Also worth a read: A Fetish for Numbers: Hospital Care.

hpDJ: an automated DJ with floorshow feedback

Here’s a little gem for anyone else out there interested in dance music, DJ’ing, and computers: hpDJ: An automated DJ with floorshow feedback. Basically, it describes a system which allows one to define a “qualitative tempo trajectory” for a DJ set, then chooses tracks to fit the trajectory (the words “partial ordering” occur at this point, but that’s as close as we get to TCS), and automatically beatmatches/timestretches/mixes the tracks accordingly. Towards the end it considers the performance and “collaborative consumption as composition” possibilities, with genetic algorithms and the like, but the bit which impressed me the most was on the mixing, where the opportunities afforded by doing the job in software are recognised and made the most of.

However, because hpDJ operates in the pure software realm of digital signal processing (DSP), it is possible to create as many sweepable band-pass/cut filters as is desired for any particular cross-fade from one track to another. As with traditional hardware mixers, each DSP filter can have variables that control the degree of attenuation or boost, and its center-frequency. In addition to this, the shape of the DSP filter’s transfer function (e.g. the nature and rate of the fall-off or boost) and its bandwidth can also be under automatic control. Recording studios do have filters with these added controls, but such filters (known as a Parametric EQ) are too expensive to be built into each channel of professional mixing desks on a many-per-channel basis.

Thus, it becomes possible to specify hpDJ so that it analyses the audio frequency-time spectrogram for the incoming and outgoing tracks in the cross-fade, and uses a number of heuristics to determine how many DSP Parametric EQ filters are necessary and what their settings should be. This can be used to, for instance, selectively suppress the frequencies for a synthesizer melody-line in one track, attempting to make that melody “disappear” while keeping the bass-guitar and percussion elements in place during the cross-fade. By employing simple heuristics for detecting when one component of one track “clashes” with another component of the other track, such aesthetically unpleasant clashes (which may remain despite perfect beat-matching) could be automatically eliminated by hpDJ.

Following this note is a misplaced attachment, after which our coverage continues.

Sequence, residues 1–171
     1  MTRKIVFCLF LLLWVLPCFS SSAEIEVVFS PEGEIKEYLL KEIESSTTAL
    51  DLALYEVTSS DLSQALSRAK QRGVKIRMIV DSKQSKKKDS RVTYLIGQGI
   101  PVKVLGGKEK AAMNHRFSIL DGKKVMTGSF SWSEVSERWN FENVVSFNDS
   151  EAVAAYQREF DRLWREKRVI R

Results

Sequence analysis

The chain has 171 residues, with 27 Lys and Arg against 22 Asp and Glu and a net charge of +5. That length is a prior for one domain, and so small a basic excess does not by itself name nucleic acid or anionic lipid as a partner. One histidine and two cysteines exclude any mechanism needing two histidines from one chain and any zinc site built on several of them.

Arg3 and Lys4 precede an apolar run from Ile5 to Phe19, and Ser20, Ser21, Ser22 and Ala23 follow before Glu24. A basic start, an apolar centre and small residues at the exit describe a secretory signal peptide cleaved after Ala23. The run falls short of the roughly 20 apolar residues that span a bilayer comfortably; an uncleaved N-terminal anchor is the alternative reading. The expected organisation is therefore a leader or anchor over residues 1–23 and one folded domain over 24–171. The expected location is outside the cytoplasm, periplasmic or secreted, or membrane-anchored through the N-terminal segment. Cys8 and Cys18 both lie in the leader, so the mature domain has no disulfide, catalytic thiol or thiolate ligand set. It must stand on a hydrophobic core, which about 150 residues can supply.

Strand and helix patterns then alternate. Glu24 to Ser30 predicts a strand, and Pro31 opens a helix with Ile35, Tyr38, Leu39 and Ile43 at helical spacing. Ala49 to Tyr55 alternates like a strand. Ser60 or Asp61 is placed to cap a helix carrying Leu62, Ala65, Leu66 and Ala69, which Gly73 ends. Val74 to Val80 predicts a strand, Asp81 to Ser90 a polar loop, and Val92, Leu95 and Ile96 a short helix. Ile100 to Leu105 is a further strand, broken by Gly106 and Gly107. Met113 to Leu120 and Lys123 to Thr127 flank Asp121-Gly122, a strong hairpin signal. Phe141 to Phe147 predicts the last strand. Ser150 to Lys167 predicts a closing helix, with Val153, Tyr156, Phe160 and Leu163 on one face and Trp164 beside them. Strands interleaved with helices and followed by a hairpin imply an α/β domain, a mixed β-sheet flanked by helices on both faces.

Note that this is all happening automatically (except maybe setting some initial loose parameters at the start) – very impressive.

Although this was published only in 2005 (I spotted it in this book on this man‘s desk), much of this was apparently done around 2000 or so. Thus, I wonder what goodies they’re cooking up in Bristol even as I type. Dave Cliff’s “inventor profile” page doesn’t really bring us up to speed, I feel… Aha! He’s moved to Southhampton.

Finally, I note that this is the first paper I’ve ever seen which opens with a Sisters of Mercy quote. Rock on.

“Intuitive” means “familiar”

Jef Raskin (12 years ago): “Intuitive” means “familiar” [raganwald]

His story of the Finnish teacher doesn’t surprise me. In my first job (ie in about 1995 or so) a colleague reported showing one of the admin girls a mouse (upon upgrading her computer from DOS to Windows), and her doing exactly the same thing: lifting the mouse up and waving it around in the air. You’d have a hard time reproducing this result now, I guess, because even someone who’s never used a mouse (think: your gran) has probably seen them used on TV, for example.

Click survey

Click survey – cool.

Searching for symbols via Google is hard

Hokay. Google is without a doubt the single most useful and successful tool ont’Internet, a marvellous success story and something most of us would miss deeply until the happy day it’s superseded by something Even Better. It’s fast, it’s got a nice simple interface, and most of the time it “just works” and gives you what you want.

Unfortunately, some of the time, it really doesn’t “just work” (for me, at least) and in an apparently non-fixable way. I usually hit this when I’m doing programming-related searches.

Read the rest of this entry »

wmii FreeBSD and xmms plugins (in ruby)

A few days ago I started using wmii, with Mauricio Fernandez’ ruby scripting magic, and oh it’s fun.

The status bar monitors that come in Mauricio’s code don’t work for me, however, because I’m running FreeBSD not Linux, and things like uptime and battery status get report differently. Also, there wasn’t any xmms control/monitoring. I have now fixed both of these problems, and invite others to partake of the goodness.

So: wmii-freebsd@gimbo.org.uk.rb – a ruby/wmii plugin defining status bar monitors which work under FreeBSD.